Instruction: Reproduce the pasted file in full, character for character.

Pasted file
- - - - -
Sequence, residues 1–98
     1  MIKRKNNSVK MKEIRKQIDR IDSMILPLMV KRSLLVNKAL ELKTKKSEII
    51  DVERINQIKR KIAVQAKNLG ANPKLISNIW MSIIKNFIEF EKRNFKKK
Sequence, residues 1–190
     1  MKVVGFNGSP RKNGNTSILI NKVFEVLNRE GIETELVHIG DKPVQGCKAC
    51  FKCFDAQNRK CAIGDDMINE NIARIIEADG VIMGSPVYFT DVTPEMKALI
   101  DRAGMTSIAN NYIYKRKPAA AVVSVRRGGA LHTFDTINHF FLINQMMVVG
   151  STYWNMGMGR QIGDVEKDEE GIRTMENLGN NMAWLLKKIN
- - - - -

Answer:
Sequence, residues 1–98
     1  MIKRKNNSVK MKEIRKQIDR IDSMILPLMV KRSLLVNKAL ELKTKKSEII
    51  DVERINQIKR KIAVQAKNLG ANPKLISNIW MSIIKNFIEF EKRNFKKK
Sequence, residues 1–190
     1  MKVVGFNGSP RKNGNTSILI NKVFEVLNRE GIETELVHIG DKPVQGCKAC
    51  FKCFDAQNRK CAIGDDMINE NIARIIEADG VIMGSPVYFT DVTPEMKALI
   101  DRAGMTSIAN NYIYKRKPAA AVVSVRRGGA LHTFDTINHF FLINQMMVVG
   151  STYWNMGMGR QIGDVEKDEE GIRTMENLGN NMAWLLKKIN